I think my previous posts have already indicated that my development environment, specifically my IDE, is important to me, and that I make a habit of exploring my options on a regular basis. For the last 7 months I've been using NuSphere's PhpED, which I've really enjoyed. The only things that I've been just a little dissatisfied with is that it only runs on windows and that its window arranging capabilities are not as robust as Eclipse. But, having seen a few tweets about NetBeans, I decided to visit this old acquaintance once again.
I had used NetBeans ages ago when I was learning a little bit of Java. It was good enough... for Java. Then, some time ago I had tried NetBeans 6 (I don't recall which minor version), because I learned they were working on building a PHP IDE out of NetBeans, which intrigued me. At the time, I simply felt NetBeans didn't stack up to Eclipse, and I hadn't yet discovered PhpED. However, with some recent twitter traffic about NetBeans, I figured I'd give the latest incarnation a spin to kick the wheels a little.
October 25, 2009 - 4:47pm | 10 comments
The Apache module mod_vhost_alias and its VirtualDocumentRoot directive can really be a great time saver for local development (some googling will explain why in more deapth). Basically, my local dev is set up so that I just have to create a directory in my aliases directory, and I just then navigate my browser to a URL matching the name of that new directory, and apache knows exactly what to serve automagically.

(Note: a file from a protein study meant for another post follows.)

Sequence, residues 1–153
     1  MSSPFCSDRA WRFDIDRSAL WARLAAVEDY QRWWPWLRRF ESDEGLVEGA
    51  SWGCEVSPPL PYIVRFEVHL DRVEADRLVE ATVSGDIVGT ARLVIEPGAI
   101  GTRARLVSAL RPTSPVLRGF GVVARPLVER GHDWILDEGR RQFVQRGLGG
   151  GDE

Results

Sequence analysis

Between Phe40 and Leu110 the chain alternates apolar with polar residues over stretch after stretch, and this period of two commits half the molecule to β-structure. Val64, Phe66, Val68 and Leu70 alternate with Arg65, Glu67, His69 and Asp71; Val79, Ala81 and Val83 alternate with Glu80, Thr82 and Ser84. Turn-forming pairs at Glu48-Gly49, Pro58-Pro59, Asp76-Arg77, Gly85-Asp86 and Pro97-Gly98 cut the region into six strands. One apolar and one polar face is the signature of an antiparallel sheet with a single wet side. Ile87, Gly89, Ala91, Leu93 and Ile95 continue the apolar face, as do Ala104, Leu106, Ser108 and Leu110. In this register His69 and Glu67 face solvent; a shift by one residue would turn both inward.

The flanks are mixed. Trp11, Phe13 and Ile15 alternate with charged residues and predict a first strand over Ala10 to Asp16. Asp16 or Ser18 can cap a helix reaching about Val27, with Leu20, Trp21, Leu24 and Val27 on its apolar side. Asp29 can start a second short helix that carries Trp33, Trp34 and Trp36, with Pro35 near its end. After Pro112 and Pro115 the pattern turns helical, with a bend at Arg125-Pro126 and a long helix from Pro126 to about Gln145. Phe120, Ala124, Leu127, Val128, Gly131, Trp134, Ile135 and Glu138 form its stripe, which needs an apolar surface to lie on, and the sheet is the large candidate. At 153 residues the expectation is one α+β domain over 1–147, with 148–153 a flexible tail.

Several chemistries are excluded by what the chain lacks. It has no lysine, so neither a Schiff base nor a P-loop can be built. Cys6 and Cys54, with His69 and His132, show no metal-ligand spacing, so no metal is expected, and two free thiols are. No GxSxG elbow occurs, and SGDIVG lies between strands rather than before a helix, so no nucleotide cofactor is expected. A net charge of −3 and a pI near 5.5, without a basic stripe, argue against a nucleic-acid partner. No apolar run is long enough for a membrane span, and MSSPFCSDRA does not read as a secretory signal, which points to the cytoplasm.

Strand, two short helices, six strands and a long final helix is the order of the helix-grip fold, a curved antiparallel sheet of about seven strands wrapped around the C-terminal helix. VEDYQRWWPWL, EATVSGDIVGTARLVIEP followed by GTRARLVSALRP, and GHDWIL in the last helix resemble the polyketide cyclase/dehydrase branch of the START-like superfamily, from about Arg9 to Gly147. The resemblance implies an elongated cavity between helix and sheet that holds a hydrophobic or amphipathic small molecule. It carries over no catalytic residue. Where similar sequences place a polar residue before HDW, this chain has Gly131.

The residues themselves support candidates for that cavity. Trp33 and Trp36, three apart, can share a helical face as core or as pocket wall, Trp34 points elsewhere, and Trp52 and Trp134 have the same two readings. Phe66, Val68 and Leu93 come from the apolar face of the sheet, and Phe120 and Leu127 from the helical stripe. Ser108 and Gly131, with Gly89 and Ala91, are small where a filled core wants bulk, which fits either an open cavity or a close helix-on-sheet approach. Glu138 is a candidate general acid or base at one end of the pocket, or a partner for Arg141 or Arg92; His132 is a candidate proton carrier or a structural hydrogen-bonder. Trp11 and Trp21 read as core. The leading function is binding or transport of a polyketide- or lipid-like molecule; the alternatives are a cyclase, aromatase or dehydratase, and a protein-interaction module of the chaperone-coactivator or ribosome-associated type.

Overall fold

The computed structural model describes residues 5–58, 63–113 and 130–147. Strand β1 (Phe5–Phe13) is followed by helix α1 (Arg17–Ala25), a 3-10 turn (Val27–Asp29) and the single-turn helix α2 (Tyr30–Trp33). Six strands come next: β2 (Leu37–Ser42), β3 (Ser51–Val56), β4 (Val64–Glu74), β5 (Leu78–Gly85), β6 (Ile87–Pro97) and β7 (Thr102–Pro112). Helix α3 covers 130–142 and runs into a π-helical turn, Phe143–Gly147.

October 26, 2009 - 4:24pm | Add new comment
Validating user input is always a great idea from a usability and security point of view. However, when it comes to things like URLs, the data is complex and there is a very strict pattern that the data has to adhere to. From a data perspective, this is great news, since we can validate for what we want, not try to detect what we don't.
However, a lot of modern URLs don't always do a great job following RFC 1738. Specifically, I'm looking at you .Net guys who insist on putting UUIDs wrapped in curly brackets in query strings and the like. According to RFC 1738, curly brackets are "unsafe" within URLs and should be encoded to their URL-encoded entities.